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Well, I'm sorry to disagree with you, but I believe that they ARE selfish in that they discontinue product support too early for a piece of capital equipment such as this scope.  We're NOT talking about a consumer product which may have a limited life by its very design.  When I began my career in electronics 50 years ago, we had some of the most advanced test equipment of its day in our laboratory group, and ALL the equipment had Owner's manuals & Service manuals which were kept in the Engineering Library under strict control.

While I'm NOT denying that modern-day test equipment IS far more complex than the equipment I "cut my teeth" on, nevertheless, it seems to me that there SHOULD BE more direct factory resource for replacement parts over a longer period of time.  Furthermore, my comment about TEK was not of my own design.  I've read many blogs over the years, and TEK has gained a reputation for abandoning many of their former products.  Additionally, when I sent this scope to the repair facility for diagnosis, the manager of the office called me with the result.  It was his words on the phone that added more credence to the negative comments that I've read in other places.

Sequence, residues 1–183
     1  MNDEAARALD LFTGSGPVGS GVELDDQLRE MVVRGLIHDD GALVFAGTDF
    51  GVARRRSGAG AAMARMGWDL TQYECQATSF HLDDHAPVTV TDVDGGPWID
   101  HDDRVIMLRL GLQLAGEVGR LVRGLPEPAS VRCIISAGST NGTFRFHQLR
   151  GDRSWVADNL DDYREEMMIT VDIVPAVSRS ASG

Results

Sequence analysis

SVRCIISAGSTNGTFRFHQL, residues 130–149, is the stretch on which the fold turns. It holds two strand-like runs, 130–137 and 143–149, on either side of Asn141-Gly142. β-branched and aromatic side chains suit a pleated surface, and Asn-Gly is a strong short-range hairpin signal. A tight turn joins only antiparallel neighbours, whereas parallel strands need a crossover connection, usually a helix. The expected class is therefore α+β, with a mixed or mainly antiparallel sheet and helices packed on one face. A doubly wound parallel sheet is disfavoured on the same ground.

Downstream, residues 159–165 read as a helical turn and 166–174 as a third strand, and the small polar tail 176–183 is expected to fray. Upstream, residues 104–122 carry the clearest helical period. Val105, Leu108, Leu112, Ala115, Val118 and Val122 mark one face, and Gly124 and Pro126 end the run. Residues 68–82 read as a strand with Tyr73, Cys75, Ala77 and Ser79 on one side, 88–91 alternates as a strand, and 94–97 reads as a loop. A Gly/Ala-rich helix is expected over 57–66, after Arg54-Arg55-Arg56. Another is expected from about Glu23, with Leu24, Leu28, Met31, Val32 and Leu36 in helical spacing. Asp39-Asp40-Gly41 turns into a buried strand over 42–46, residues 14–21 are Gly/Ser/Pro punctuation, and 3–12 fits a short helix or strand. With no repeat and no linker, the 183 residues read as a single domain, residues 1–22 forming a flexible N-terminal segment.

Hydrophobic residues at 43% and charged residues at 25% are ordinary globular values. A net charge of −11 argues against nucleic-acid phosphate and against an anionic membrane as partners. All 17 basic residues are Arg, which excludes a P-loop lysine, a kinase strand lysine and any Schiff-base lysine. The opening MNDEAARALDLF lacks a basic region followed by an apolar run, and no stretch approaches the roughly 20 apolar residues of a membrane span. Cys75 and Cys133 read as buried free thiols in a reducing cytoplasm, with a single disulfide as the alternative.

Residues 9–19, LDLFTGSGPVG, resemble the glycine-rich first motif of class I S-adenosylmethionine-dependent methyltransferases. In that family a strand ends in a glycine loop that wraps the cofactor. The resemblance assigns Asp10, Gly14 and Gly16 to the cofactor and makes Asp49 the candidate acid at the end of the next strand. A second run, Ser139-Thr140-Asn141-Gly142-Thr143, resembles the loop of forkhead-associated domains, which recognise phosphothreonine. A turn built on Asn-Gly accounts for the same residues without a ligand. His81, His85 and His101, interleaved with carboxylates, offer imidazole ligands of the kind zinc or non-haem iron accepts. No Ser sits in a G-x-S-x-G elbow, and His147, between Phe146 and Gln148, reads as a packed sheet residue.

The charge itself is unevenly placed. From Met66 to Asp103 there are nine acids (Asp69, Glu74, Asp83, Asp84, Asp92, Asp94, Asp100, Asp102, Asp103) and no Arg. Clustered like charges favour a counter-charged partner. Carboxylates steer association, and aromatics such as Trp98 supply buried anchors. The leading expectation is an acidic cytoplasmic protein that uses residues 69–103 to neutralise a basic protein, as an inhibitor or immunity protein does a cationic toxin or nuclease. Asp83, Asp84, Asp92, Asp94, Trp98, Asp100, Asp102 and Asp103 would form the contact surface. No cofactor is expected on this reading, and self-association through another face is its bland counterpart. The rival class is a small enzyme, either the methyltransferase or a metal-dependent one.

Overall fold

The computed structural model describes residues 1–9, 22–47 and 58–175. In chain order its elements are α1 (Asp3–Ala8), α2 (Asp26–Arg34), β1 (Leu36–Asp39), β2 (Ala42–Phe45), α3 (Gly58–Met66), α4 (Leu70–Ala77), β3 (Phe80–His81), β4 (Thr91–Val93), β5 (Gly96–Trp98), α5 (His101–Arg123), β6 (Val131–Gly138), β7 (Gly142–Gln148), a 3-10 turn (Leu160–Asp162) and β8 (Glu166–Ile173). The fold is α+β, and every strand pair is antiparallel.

Finally, while the site that you referenced may be a source for certain items, IF the fellows who run the TEK museum in Oregon, and who WERE long-time TEK employees were NOT able to repair this model, then I would think that I exhausted all the viable avenues.  I'm sure they're aware of every source for TEK replacement parts. 

Thank you.

p.s.  For your information, here's a copy of the e-mail that I received from the fellow who runs the TEK museum.....  I highlighted the one important sentence in his response to my intial e-mail.

Dear Customer,

 We repair customer's scopes for donations to the museum, most local customers, but those that wish to pay shipping in both directions for their "special" vintage instruments. We will go thru the instrument and give you a quotation for repairs (if it can be repaired). Some of the newer stuff have proprietary integrated circuits which are Tek made and no longer available.

 Ed Sinclair

 Edward B. Sinclair

Board Chairman

4620A SW Beaverton Hillsdale Hwy

Portland, OR 97221

503-644-0161 Museum

503-209-5894 Cell

eds@vintagetek.org

www.vintagetek.org

notarboca
User Rank
Gold
Re: Brought Back Memories
notarboca   5/31/2013 4:42:02 PM
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Ah, memories! The first scope I ever used on the test bench was a TEK 535/545 on a rolling cart.  Ran at the amazing speed of 18 Mhz!  It was also good as a small space heater, but solved many an analog problem for me!